Using subxiphoid approach to operate in a narrow space as the anterior mediastinum, in adjacency to the heart beating and with the incomplete lungs collapse, due to single-lumen lung ventilation, is technically challenging and it requires familiarity with the single-port surgical procedure. However, insufflation of CO2 allowed more working space and dedicated 5-mm instrumentation facilitated dissection maneuvers. Additionally, the use of GelPOINT® offered greater freedom of movement and instrument articulation due to the specific design of the platform, thus maximizing the internal working space. In contrast, the subxiphoid approach has limited visibility to the lower poles of the thymus, nearby the hemi-diaphragms. When a more complete and aggressive resection is indicated, the implementation of a 5-mm thoracoscope in the chest may allow, simultaneously, visualization of the entire anterior mediastinum (15). Further limitation of uniportal subxiphoid technique might be of entering the retrosternal space in a patient who underwent previous sternotomy or surgery in the anterior mediastinum.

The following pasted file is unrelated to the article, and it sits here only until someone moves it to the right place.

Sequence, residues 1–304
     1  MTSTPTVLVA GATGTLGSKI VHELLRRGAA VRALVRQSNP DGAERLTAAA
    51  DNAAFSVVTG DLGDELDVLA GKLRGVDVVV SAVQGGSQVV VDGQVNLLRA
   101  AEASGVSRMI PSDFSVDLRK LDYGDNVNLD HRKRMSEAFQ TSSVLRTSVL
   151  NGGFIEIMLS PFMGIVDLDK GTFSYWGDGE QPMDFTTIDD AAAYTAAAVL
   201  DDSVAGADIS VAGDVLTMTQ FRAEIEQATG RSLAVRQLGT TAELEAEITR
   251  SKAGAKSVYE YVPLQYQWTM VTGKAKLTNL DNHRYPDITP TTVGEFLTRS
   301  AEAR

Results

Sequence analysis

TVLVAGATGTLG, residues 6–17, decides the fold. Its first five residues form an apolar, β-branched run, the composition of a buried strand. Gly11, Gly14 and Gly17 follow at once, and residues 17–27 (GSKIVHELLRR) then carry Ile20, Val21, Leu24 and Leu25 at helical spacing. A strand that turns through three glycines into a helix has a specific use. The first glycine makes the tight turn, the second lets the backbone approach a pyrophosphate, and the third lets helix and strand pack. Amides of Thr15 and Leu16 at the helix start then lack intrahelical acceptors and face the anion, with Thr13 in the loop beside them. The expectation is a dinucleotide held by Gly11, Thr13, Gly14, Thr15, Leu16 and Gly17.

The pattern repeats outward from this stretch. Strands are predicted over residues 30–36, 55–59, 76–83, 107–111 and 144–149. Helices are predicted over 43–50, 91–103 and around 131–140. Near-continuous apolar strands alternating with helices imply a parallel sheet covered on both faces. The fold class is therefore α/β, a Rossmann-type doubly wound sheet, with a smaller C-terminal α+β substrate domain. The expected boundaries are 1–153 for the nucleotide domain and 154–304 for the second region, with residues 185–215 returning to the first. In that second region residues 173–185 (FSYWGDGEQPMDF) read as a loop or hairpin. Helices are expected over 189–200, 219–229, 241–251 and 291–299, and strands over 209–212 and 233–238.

Subxiphoid technique for resection of an intra-thymic parathyroid adenoma is feasible and safe. Thus, it may be considered a valid alternative to intercostal VATS possibly resulting in more favorable outcomes, particularly regarding postoperative pain. The subxiphoid approach may preferred in patients with an adenoma located below the left innominate vein, as shown in the cases treated using median sternotomy by Kitada and Abbas (7,8). However, for ectopic glands found in the neck region or in the upper-anterior mediastinum a cervical approach is reasonable. Further investigations are still warranted to assess the advantages of using subxiphoid incision over conventional techniques.
Conflicts of Interest: The authors have no conflicts of interest to declare.
Ethical Statement: The authors are accountable for all aspects of the work in ensuring that questions related to the accuracy or integrity of any part of the work are appropriately investigated and resolved. Written informed consent was obtained from the patient for publication of this manuscript and any accompanying images. We present this case in accordance with the CARE Guideline.
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Cite this article as: Castiglioni M, Karenovics W, Triponez F, Bédat B. Uniportal subxiphoid approach for resection of an intra-thymic parathyroid adenoma: a case report. J Vis Surg 2020;6:23.